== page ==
I’ve worked with a lot of older adults whose retirement has given them the free time to do the writing they’ve always wanted to do, whether they’re interested in life writing (memoir), fiction, or poetry. Here Peter Krass, himself an older writer who has taught online workshops for over–50 writers, explains what he has learned from his students:
my students have shown me that while older writers do face unique challenges, they also possess special strengths. What’s more, these strengths are more than equal to the challenges.
Read here his lists of both common challenges and common strengths his students have taught him. And if you’re interested in writing, let this article encourage you to look for a writing program that fits your requirements.
A growing portion of the elderly look and act anything but.
Linda Marsa reports that, although it’s true the number of over–65 people is increasing, many of those people are still healthy enough to want to continue working.
Americans over age 60 are working longer and participating in the labor force at greater rates, according to a 2016 Brookings Institute report. And not just to beef up the bottom line. A study by Merrill Lynch and Age Wave found that nearly 50 percent of retirees want to continue working in retirement. About a third say it’s because they need the money. Two-thirds, however, say they just want to stay mentally active.
What Books Were Bestsellers the Year You Were Born?
Are you interested in finding out what books were birthed the same year you were? Literary Hub has you covered with these two lists:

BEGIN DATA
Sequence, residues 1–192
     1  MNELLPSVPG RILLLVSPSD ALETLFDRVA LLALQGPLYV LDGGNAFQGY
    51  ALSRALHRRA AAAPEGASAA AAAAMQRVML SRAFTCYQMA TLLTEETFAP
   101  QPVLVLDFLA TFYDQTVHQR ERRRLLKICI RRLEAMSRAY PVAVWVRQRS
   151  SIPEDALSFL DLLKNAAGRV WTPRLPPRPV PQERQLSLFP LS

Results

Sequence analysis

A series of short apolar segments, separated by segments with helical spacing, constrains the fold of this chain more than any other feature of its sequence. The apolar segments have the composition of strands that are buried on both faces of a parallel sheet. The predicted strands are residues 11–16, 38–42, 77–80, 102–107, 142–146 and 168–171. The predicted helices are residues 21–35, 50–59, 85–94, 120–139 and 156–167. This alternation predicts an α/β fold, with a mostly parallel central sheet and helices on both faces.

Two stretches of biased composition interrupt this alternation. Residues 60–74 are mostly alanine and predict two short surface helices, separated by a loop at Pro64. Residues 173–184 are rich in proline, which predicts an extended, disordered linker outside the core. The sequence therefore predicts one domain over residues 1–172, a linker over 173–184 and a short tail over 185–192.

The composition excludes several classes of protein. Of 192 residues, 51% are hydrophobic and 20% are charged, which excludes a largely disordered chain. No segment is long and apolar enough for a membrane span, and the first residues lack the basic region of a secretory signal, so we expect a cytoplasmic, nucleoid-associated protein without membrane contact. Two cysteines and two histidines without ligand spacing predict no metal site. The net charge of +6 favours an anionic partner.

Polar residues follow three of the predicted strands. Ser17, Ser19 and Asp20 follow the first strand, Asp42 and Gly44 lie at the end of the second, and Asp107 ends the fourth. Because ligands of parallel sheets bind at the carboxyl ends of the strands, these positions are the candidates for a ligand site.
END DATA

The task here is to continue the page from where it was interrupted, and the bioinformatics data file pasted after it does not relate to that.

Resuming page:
- HERE ARE THE BIGGEST FICTION BESTSELLERS OF THE LAST 100 YEARS
- HERE ARE THE BIGGEST NONFICTION BESTSELLERS OF THE LAST 100 YEARS
I’ve read exactly one of the fiction selections and one of the nonfiction books for my birth year.
Novelist Heidi Sopinka writes, “older women in literature … arguably represent one of the most underwritten aspects of female experience. Even when they do manage to get into a book, they almost exclusively face sexism for being ‘unlikeable.’”
When “the image of a 92-year-old woman, vital, working, came into [her] head,” Sopinka wrote her début novel, The Dictionary of Animal Languages, around that character. While working on the novel, she “began seeking out an old-lady canon”:
It wasn’t female aging that fascinated me as much as I wanted to swing into the viewpoint of a woman who had lived a long complicated life, deeply occupied by her work. I began to think of my book as a coming-of-death novel… .
Weirdly, the closer I delved into the closed-in days of looming death, the more I learned about living. Still, there is such a fear of female power in our culture that older women are ignored or infantilized, as though they are somehow less complex than us even though they are us, plus time.
Here she offers a list of eight books that are “unafraid to take on the full measure of a woman’s life”:
- The Stone Angel by Margaret Laurence
- The Hearing Trumpet by Leonora Carrington
- Olive Kitteridge by Elizabeth Strout
- The Little Red Chairs by Edna O’Brien
- Etta and Otto and Russell and James by Emma Hooper
- Stet by Diana Athill
- Destruction of the Father by Louise Bourgeois
- Writings by Agnes Martin
© 2018 by Mary Daniels Brown